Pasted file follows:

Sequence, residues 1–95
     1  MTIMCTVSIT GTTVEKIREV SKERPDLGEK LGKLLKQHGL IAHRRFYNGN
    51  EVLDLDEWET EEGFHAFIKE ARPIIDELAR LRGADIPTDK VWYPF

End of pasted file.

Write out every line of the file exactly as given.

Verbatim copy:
Sequence, residues 1–95
     1  MTIMCTVSIT GTTVEKIREV SKERPDLGEK LGKLLKQHGL IAHRRFYNGN
    51  EVLDLDEWET EEGFHAFIKE ARPIIDELAR LRGADIPTDK VWYPF